Clinical Women's Health
Privacy Law and patient confidentiality

thumb_Woman_legal_scales.jpg New nose, breasts...and surgeon

At the age of 27, Brooke reacted poorly when her boyfriend broke off their relationship. Broken hearted, she sought comfort in food, rapidly gaining weight and becoming preoccupied with her appearance. The makeover TV shows seemed to offer her a way to feel good about herself so she visited her general practitioner for advice and a referral.

Dr Hayes, Brooke's GP for over fifteen years, was worried about her mood so he encouraged her towards exercise and a modified diet. She agreed but insisted on a referral for plastic surgery to her nose - to make her even more attractive for when she lost weight!

Brooke was delighted with the rhinoplasty results, so much so she decided on breast implants as well.

It was during a regular check-up soon after that Dr Hayes noted her obsession with exercise and dieting. His concerns about her mental state were amplified by a letter from her plastic surgeon marked Private and Confidential-Addressee Only.

The surgeon advised that Brooke had erratic expectations about her requested aesthetic breast surgery. Unfortunately, he expressed his concerns in disparaging language saying "she has lost it" and was "behaving as nutty as a fruitcake". He declined to see her again.

Brooke wanted a referral to another surgeon from Dr Hayes but he suggested instead that she seek some professional counselling. She stormed out of the surgery.

The next day a written request arrived from Brooke ?- for the release of her medical records.

Concerned about the tone of the plastic surgeon's letter, Dr Hayes rang him to advise he would be releasing it to the patient. The surgeon was furious but the full records were released to the patient in due course.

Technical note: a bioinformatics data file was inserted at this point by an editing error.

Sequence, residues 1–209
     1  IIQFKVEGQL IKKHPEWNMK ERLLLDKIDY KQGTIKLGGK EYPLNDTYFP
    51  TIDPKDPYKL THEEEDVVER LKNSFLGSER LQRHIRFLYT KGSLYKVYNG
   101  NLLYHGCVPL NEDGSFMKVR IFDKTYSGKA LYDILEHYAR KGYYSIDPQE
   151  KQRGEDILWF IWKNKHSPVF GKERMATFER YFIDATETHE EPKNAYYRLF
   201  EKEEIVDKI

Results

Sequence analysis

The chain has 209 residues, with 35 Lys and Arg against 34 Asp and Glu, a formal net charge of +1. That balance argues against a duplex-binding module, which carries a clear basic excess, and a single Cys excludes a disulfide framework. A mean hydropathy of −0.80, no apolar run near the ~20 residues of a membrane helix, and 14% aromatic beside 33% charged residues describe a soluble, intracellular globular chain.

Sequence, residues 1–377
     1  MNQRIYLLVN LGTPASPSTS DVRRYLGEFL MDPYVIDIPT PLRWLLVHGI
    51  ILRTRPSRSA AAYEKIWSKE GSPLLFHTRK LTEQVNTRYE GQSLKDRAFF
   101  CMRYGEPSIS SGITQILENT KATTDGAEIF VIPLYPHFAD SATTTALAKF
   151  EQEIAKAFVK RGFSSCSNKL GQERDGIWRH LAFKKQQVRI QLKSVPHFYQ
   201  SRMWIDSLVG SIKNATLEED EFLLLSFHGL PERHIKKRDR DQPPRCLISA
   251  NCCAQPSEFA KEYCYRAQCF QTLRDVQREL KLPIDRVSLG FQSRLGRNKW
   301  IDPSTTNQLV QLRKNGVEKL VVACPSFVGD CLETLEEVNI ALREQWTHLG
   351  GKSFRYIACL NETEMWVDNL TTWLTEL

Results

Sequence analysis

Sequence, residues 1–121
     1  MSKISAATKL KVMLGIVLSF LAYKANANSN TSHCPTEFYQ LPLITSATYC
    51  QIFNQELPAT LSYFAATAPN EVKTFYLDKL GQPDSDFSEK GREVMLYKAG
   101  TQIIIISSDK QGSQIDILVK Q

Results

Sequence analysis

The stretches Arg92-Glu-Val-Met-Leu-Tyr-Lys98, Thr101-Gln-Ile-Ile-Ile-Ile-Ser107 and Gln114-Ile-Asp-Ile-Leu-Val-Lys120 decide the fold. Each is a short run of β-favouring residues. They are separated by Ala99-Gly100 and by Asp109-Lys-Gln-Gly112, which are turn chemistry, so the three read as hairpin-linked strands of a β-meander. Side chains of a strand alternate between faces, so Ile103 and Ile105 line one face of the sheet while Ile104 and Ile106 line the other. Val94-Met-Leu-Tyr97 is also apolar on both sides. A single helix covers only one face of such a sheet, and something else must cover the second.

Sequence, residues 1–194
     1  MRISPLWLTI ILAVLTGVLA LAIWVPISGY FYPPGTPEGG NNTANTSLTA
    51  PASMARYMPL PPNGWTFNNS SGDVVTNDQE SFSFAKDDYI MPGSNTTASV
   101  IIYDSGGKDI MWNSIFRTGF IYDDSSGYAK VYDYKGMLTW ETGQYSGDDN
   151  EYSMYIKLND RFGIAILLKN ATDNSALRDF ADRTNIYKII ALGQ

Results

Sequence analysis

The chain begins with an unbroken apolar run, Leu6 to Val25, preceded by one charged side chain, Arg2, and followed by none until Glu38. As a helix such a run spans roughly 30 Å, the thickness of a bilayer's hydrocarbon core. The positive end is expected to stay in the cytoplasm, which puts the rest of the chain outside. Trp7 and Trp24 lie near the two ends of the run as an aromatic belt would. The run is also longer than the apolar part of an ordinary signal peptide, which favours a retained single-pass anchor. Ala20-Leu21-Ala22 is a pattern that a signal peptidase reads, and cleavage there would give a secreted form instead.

Brooke was understandably hurt and angry on reading the surgeon's letter. She made sure all her friends knew this doctor did not respect his patients.

Risk Management Tips

Under the provisions of the Privacy Act 1998 (as amended) all doctors in Australia are now required to release all the health information that makes up the patient's medical records. Notations on correspondence do not preclude the release of documentation.

  • Be aware of requirements for release of health information under Privacy Law - see www.privacy.gov.au
  • Always write medical notes, referrals and correspondence bearing in mind that the patient has full access.
  • The only reason a doctor can refuse to release clinical records is to claim "therapeutic privilege" - that is, release of the clinical records may cause harm to the patient or others. The threshold is very high and the doctor should contact their MDI and seek legal advice on this issue.
  • If you receive a request for the clinical records, ensure you have the patient's written authority for release of photocopies of the records. If you are concerned about the content of the records it may be prudent to contact the patient and discuss your concerns. This often relates to Family Court proceedings and Workers Compensation claims.
  • Where a request regarding a deceased patient the written authority must be obtained from the executor of the estate not the next of kin. If the patient died intestate, then in the absence of an appointed Administrator of the Estate, the Public Trustee may be authorised to provide the authority. The duty of confidentiality to the patient is maintained even when the patient dies.